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Trainer shares five easy work outs for busy mums – and you can do them anywhere

Being a busy mum often means that self-care is the last thing on your list, but it doesn’t have to be.

Australian trainer and sports scientist, Luke Ashcroft, has revealed how mothers can workout with their children.

‘Mums have some of the busiest and hardest jobs out there so it’s important that their fitness routine is adaptable to fit into their lifestyle,’ he told FEMAIL.

‘There are great ways to incorporate physical activity into your daily routine, including pushing a pram as you walk around the park, running up a flight of stairs, pushing a toddler on a swing or even giving a ‘horsey ride’ or a ‘piggy back’.

‘Mums have some of the busiest and hardest jobs out there so it’s important that their fitness routine is adaptable to fit into their lifestyle,’ Luke told FEMAIL

Australian trainer, Luke Ashcroft, revealed how mothers can workout with their children

Australian trainer, Luke Ashcroft, revealed how mothers can workout with their children

Luke has shared his top five workouts that any mother can do and adapt depending on their fitness levels, how much time they have and if they can include their child. 

‘The big advantage with all these exercises is that they can be done at home whenever you have a few spare minutes,’ he said.

‘Many mothers may find it difficult to find 10 to 15 minutes to spare to do three to five rounds of this simple circuit, so why not try to break it up into smaller chunks.

‘Set yourself the goal of completing five rounds of the circuit over the course of the whole day.’ 

SQUATS 

‘Squats are a fantastic exercise to develop strength in your legs, glutes and core, which is so important for mothers in everyday life when constantly picking up babies,’ he said.

‘Core strength is a great place to start for new mothers getting back into exercise.’

Luke explained that they are also a great way that you can incorporate your child so that they feel included.

‘Squats are one of the best exercises to incorporate into your fitness regime, you can even do them while holding your baby,’ he said.

‘This can increase the workout buy giving you extra weight and working the upper body.’ 

'Core strength is a great place to start for new mothers getting back into exercise,' Luke said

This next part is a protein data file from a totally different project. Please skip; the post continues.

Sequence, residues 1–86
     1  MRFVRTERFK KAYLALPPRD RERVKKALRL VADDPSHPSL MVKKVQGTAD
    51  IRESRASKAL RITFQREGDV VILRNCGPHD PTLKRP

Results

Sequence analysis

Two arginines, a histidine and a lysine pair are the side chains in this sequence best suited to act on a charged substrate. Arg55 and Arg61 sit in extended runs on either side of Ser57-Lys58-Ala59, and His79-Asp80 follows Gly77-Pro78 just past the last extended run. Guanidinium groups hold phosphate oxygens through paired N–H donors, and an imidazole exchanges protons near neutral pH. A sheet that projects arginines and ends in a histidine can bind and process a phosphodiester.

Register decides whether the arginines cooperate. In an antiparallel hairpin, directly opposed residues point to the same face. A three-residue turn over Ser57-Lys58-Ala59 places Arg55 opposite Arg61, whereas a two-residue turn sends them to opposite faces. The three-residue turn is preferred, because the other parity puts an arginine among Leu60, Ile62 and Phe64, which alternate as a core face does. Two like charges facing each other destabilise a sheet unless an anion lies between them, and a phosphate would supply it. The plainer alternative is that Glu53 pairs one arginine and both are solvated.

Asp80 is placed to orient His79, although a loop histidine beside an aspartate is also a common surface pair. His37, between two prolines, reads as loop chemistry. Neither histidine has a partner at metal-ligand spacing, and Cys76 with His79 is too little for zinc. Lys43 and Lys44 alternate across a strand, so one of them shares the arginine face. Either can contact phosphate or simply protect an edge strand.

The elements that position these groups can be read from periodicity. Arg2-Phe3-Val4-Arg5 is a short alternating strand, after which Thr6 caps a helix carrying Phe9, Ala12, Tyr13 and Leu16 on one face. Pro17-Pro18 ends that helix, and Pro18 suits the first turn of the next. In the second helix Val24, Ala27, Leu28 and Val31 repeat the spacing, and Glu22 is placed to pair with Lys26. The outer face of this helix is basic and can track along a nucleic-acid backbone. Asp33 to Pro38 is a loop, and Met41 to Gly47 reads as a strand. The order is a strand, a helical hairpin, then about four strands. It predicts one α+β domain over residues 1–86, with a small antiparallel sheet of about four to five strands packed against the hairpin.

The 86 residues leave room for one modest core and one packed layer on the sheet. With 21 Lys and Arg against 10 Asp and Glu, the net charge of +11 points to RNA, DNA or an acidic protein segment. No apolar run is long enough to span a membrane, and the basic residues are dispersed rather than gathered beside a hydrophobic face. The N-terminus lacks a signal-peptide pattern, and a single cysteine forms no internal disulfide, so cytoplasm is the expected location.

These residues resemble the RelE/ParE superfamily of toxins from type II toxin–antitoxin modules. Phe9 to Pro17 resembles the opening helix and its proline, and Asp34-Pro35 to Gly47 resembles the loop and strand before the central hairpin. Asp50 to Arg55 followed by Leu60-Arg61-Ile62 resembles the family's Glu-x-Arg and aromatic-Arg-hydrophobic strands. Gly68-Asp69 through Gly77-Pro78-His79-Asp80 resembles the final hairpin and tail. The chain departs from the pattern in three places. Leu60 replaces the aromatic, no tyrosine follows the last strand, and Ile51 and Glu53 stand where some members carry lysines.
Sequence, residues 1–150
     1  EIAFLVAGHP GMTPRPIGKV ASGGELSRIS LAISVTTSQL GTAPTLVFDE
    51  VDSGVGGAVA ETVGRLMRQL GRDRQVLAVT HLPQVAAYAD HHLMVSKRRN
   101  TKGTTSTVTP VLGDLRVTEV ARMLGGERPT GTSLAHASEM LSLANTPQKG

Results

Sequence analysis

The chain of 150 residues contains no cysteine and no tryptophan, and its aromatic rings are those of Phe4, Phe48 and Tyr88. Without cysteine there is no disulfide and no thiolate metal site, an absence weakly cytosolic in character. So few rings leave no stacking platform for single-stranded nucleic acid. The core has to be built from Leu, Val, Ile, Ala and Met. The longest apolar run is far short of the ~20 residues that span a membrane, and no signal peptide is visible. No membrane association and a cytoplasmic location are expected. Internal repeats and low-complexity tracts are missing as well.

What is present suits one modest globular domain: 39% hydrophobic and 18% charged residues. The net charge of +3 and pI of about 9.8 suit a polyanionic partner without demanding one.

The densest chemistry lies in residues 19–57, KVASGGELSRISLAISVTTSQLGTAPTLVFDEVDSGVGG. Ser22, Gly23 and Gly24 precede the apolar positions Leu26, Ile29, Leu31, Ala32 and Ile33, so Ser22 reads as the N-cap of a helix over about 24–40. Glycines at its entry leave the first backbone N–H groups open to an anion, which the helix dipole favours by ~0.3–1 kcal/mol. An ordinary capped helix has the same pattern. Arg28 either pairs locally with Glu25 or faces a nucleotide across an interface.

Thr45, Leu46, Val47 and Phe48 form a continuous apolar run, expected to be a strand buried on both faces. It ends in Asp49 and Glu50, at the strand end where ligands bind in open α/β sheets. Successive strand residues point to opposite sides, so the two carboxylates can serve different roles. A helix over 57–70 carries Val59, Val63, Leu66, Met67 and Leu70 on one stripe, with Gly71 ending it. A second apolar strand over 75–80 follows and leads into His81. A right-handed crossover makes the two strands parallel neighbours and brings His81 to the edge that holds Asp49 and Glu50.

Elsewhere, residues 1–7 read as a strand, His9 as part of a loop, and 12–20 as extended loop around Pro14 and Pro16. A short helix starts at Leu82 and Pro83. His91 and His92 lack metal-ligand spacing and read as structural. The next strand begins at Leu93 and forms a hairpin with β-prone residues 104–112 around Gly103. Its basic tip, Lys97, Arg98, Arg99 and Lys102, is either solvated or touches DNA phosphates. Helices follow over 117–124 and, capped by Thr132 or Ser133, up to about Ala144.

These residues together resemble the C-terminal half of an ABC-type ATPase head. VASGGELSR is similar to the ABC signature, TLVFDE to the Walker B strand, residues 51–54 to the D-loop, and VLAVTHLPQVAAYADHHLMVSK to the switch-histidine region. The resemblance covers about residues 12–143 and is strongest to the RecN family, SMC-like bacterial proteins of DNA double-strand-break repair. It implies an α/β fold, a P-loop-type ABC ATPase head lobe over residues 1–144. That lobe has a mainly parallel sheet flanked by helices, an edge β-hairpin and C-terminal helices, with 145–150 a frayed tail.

‘Core strength is a great place to start for new mothers getting back into exercise,’ Luke said

PUSH UPS 

Push ups are a great way to develop upper body strength and core stability. With energetic kids around, this is something crucial to build on,’ Luke explained.

‘To make push ups easier try placing your hands on a bench, table or even the wall.

‘You could do these in your child’s room, in the kitchen, at the park, you name it.’

If you don’t want to get on the ground so you can keep your eye on your kids you can do them standing up by using surfaces around you, such as a kitchen bench. 

‘Popping your baby down in between your arms while doing the push up helps you to keep an eye on your baby, gives you some skin to skin time and gives you that extra motivation to push further!’ he added. 

PLANK ROTATIONS 

Luke said that plank rotations are a great way of developing core strength and shoulder stability.

‘However, these can be difficult if you are just starting an exercise program, especially if you have recently had a baby,’ he explained.

‘An easier alternative is to hold a side plank. The side plank can be made even easier by balancing on your elbow and knee instead of hand and foot.

‘New mothers who have experience diastasis recti will find side planks to be a great exercise to develop core strength until they are able to perform crunches and sit ups.’ 

Luke recommended that you keep your baby at your stomach to bring focus to your core.  

Luke said that plank rotations are a great way of developing core strength and shoulder stability

Luke said that plank rotations are a great way of developing core strength and shoulder stability

STEP UPS 

‘Step ups utilise the same muscles as squats but through a slightly different range of motion,’ Ryan explained.

‘As you are spending some part of each rep balanced on one foot, step ups are an excellent way of developing balance and stability through the ankle, knee and hip joint. The difficulty of your step up can be regulated by the height of the step.’

This is an easy exercise that children can join in on or you can do as you hold your baby. 

LUNGES  

‘Lunges are another leg exercise that are excellent for developing dynamic stability, which is your ability to maintain balance and control as you move,’ the trainer said. 

‘The lunge is a surprisingly complex movement and can be difficult to do properly but the benefits for leg strength, core stability and hip stability are well worth taking the time to learn to lunge properly.

‘Lunges are also great to do while holding your baby, giving you that extra weight and resistance.’ 



Read more at DailyMail.co.uk


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